Pueblo County is evolving into the place to be for pot growers, a distinction that is creating concerns among some residents and at least one law enforcement official who says such operations are attractive to drug cartels.
The Pueblo County Commission, however, sees the grow operations as an impetus for revenue and jobs.
The commission has approved about 20 so far, Commissioner Sal Pace said, and more are coming.
"We put a cap on the number of retail stores in Pueblo - 10 - but no cap on the grows," he said.
While county officials see grow operations as a potential economic driver, not everybody is buying in. Some residents in Pueblo West, a sprawling residential area of about 28,000 where many of the marijuana operations are just starting to fight back.
On May 20, the county commissioners approved five licenses, but not without opposition from Pueblo West residents.
The commissioners "are changing the fabric of our community without asking what we want," said Paula McPheeters, who has lived there for about 17 years.
McPheeters is at the vanguard of a groundswell of opposition to the marijuana industry's growing impact in her community. She presented a petition to the commissioners signed by about 40 Pueblo West residents against approval of any more pot businesses in their area during the May 20 meeting.
The commissioners approved all applications unanimously.
Since Pueblo West residents have aired their concerns, McPheeters said she has been contacted by residents from other parts of the county and as far away as Fremont County.
"It's more than a pot issue," she said. "My beef isn't the legalization of marijuana, it's that our county commissioners are not representing us. They are telling us what to do. Ultimately, it's up to the citizens of the community to decide what they want."
Despite the outcry, Pace said growing operations spark less conflict than retail stores.
"Stores tend to elicit more controversy and concern from some local residents, while the growers tend to be more private and less intrusive to neighborhoods," he said.
Most of the grow operations that have been approved in the county are about a couple of acres. That's because they are inside greenhouses, which allows for more controls against the weather.
The commissioners, Pace said, are adhering to the will of Pueblo County voters, who overwhelmingly supported Amendment 64.
"I believe in the free market," he said. "And I think we see potential for a new tax revenue and for jobs in Pueblo."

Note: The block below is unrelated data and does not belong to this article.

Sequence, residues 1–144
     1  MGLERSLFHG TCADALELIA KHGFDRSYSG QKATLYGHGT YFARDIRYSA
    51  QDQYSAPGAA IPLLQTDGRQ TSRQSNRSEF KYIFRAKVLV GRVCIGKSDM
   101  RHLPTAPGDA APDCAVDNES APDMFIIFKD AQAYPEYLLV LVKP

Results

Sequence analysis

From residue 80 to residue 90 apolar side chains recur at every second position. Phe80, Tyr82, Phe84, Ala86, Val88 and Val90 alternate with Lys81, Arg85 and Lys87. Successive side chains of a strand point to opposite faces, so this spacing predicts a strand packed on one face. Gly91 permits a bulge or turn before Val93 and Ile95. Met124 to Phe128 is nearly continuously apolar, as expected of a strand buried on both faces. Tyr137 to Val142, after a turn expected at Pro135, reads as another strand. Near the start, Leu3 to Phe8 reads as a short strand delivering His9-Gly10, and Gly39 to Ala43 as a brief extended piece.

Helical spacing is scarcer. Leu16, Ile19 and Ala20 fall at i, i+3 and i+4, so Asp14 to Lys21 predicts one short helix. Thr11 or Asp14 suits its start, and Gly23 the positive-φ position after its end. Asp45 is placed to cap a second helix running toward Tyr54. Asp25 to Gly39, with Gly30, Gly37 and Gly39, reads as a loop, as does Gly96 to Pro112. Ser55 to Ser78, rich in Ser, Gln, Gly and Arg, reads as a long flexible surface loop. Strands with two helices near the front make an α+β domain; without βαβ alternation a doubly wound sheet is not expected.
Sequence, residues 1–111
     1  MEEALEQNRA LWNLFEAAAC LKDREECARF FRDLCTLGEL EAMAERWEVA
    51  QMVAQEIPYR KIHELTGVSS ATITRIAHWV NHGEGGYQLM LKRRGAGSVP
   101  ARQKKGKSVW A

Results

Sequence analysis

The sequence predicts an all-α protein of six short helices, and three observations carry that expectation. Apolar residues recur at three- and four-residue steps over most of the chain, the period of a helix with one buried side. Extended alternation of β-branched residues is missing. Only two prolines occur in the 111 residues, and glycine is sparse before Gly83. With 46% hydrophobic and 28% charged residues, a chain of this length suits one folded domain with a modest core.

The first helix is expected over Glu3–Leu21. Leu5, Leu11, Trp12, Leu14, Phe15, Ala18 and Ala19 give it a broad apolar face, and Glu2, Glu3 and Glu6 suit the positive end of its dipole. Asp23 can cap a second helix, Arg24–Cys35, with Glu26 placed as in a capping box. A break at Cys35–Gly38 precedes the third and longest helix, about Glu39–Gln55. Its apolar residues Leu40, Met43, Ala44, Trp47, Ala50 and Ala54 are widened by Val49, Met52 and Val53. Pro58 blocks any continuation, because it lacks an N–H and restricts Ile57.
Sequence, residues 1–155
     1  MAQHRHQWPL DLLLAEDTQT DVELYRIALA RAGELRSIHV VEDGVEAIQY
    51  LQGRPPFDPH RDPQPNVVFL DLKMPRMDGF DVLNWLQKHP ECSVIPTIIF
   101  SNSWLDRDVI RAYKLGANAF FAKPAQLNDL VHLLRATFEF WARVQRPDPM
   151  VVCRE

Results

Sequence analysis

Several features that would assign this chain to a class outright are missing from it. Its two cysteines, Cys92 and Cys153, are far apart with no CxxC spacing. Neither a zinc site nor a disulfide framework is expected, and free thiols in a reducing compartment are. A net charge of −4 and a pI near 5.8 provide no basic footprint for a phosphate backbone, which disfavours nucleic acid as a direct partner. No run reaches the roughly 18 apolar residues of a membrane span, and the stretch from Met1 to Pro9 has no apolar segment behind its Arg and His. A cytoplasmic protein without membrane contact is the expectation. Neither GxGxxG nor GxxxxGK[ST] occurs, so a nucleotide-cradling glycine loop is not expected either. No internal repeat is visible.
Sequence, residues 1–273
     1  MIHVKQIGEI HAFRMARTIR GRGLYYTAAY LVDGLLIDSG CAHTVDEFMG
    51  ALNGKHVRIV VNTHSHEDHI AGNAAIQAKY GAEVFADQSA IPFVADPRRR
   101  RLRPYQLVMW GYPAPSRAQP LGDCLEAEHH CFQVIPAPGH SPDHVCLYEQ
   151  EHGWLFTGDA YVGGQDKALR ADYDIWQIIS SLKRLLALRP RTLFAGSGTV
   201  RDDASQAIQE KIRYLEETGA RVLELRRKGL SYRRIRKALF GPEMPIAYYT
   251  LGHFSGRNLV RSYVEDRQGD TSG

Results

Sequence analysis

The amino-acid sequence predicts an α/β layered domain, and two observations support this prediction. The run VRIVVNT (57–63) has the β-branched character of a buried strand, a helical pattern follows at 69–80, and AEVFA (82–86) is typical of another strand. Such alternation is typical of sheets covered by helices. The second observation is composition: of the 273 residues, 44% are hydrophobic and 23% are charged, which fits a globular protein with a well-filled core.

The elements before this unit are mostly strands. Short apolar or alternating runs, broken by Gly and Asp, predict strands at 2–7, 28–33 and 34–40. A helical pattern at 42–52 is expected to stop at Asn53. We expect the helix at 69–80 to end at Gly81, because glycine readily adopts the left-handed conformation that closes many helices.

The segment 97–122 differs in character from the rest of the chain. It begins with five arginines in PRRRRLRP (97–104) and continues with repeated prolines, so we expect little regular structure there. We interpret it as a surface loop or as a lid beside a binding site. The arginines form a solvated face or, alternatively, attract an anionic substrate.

Indeed, the county is looking at adding a tax on grow operations in November.
"I think there's a way to generate more tax from these grows," Pace said.
The jobs picture is also on the commissioners' minds. In April, the Pueblo metropolitan area had the highest unemployment rate in Colorado, at 8.2 percent, according to the Colorado Department of Labor and Unemployment. By comparison, Colorado's unemployment rate was 6 percent in April.
Pueblo County is attractive to pot growers because of the warm climate and abundant water, and because the commissioners have welcomed grow operations, said Pueblo County Sheriff Kirk Taylor.
"Number one, it's been embraced by the commissioners," he said. "They've been trying to be at the forefront of zoning regulations. The foundational pieces are being established here quicker than in some other places."
Of 19 marijuana license applicants as of February, about a dozen were proposed in Pueblo West, according to the Pueblo County Sheriff's Office. They are a mix of medical, recreational, manufacturing and cultivation operations. Not all of them were approved, however.
But tracking them is complicated, said Gilbert Ortiz, Pueblo County clerk and recorder.
Some operations have dual medical and retail operations with separate grow operations. Some are medical only.
As of May 23, the county had 12 licensed medical cultivations and nine approved medical cultivations; nine licensed retail cultivations, and two approved retail cultivations. "Licensed" means approved by both state and county. "Approved" means approved only by the county.
Mexican cartels are certainly aware of the favorable growing conditions, according to Taylor.
A 2012 bust of a grow operation of 14,000 plants in the county - the largest in the state's history - has been linked by the Drug Enforcement Administration in Dallas to Mexican cartels, Taylor said. The original estimate of the number of plants was around 9,000, he said.
Now, with the addition of recreational marijuana, the number of grows is skyrocketing.
"It's absolutely horrible," Taylor said. "It's putting a serious drain on the manpower of this agency. It's not allowed in city limits so all the grows are in the county and mostly in Pueblo West."
Among his chief concerns is the number of grow operations in Pueblo County for retail and medical operations in other parts of the state.
Growers seeking licenses are from Denver, Colorado Springs, Durango, Littleton and Centennial, among other areas. The Gazette contacted several of them, including Today's Health Care in Colorado Springs, but none returned calls.
Pueblo County, Taylor said, is "the pot grow location for the majority of the pot in the state."